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“I never really cared for smells & bells” – an Interview with Jomon of the blog “Nothing to Attain”

Every so often, Nate over at the Precious Metal blog throws out a call for some sort of blog swap. This time we were tasked with interviewing the blogger we were paired up with. You can see a list of all those participating here. I was paired up with Jomon (Laura) from the wonderful blog “Nothing to Attain“. Update: my portion of the interview is up at Laura’s blog here. Here’s the interview:

In exactly 108 words, describe Laura to the world.

Hah!  I have really go to work on being too dang wordy!  108 words would be a great practice for the blog!

Speaking of transplanting (see her questions to me on her blog), what about it met your expectations? What about moving to the West Coast shocked you or failed to live up to your expectations? What is it that you miss about the Mid-West? What is it that you will never, ever miss?

I miss my parents and my mid-West friends but they now have a wonderful place to visit.  I seriously miss Major League Baseball.  Portland is tough for baseball fans, and worse for this third-generation Cardinals fan (my maternal grandmother used to take my mom out of school to watch games).  Not only does Portland not have a major league baseball team, we are losing our AAA team!  So my husband Patrick got the iPhone app that allows us to listen to all the MLB radio broadcasts.  We get to hear all the corny St Louis area car dealer commercials we grew up with.  And don’t hate me, but I still love Budweiser.  I know, seriously, I’m living in Beervana, and I still love Budweiser.  I tried, I really did.  I guess you can take the girl outta St Louis…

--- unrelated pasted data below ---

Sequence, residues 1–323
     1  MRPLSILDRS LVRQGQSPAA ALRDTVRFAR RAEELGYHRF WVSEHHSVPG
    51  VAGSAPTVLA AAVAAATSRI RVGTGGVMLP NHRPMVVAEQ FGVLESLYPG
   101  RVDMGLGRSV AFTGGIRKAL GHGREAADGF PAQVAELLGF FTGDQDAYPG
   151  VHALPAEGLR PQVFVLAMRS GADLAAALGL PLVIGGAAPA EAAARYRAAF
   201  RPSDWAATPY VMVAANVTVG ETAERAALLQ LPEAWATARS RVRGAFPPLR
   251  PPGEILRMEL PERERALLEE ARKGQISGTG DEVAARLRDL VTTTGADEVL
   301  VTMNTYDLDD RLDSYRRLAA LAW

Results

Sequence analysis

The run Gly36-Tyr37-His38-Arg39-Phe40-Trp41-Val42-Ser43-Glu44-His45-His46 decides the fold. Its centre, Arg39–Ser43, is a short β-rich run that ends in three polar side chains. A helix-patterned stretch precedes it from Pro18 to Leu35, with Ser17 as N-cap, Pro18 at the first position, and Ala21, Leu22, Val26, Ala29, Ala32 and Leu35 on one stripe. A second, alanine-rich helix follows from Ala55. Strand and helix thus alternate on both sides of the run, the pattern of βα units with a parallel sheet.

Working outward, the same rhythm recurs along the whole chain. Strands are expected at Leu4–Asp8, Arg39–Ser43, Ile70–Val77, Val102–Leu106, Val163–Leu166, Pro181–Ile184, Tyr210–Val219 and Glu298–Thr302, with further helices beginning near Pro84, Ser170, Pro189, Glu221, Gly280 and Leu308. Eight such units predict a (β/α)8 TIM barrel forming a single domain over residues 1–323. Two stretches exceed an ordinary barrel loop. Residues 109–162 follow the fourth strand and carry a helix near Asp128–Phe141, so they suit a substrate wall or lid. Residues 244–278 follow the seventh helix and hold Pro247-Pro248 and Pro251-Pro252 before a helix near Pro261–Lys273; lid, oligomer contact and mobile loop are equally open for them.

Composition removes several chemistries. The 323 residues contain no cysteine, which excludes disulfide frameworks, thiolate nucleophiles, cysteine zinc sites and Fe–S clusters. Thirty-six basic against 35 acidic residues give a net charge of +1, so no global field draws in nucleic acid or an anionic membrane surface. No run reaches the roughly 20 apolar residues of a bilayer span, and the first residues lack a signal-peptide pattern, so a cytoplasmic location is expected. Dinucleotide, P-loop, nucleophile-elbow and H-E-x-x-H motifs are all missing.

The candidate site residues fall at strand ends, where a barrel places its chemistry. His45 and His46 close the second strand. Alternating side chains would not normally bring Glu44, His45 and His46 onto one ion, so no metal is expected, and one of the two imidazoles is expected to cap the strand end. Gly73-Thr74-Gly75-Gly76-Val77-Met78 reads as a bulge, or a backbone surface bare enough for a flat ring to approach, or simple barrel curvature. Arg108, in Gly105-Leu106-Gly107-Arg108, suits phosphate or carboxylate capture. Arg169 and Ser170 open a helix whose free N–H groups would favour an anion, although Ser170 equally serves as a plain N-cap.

I do believe it is safe to say that I will never, ever miss pulling ticks off of my skin and clothing after hikes in the woods.  I continue to be shocked and awed by the beauty of the PNW.   That and the prevalence of Buddhism.  The midwest has pockets of teachers and practice centers, but not the wealth we have on the coasts, especially the number of retreat centers.  And Portland!  Throw a baseball in Southeast Portland and you’re likely to hit a Buddhist.

How do you balance your personal life with your practice/sangha?

Personal life has pretty much fused with practice / sangha.  My husband and I got married at Great Vow Zen Monastery.  We had a realization that spiritual practice needed to be at the center of our lives.  We didn’t need to be in the same tradition; we just happen to be lucky that we both managed to find our way onto the same path.

So now my husband is the president of the ZCO Board, and I’ve been the Portland Shuso for the past year, and serving on a few committees as well.  We both have held various service positions, like chant leader, and bell-ringer over the years.  I guess our center is benefitting from the fact that we don’t and probably won’t have children.  I feel something like motherly love towards our Sangha and temple.  Patrick and I sometimes look at each other, awestruck at whatever it is — luck, good karma — that brought us to such a place of deep, authentic practice.

Letsee, though, non-Buddhist stuff — dragonboating is a great activity — I’ve been taking a bunch of yoga classes, doing photography, going to basketball or baseball games.  We do our best to get out into the forests or camping on the coast.  And there may be another attempt at a dog this fall.  We are such dog people; it is painful to be without a dog for this long.

Do you have a favorite sutra, or one that speaks to you more than any others?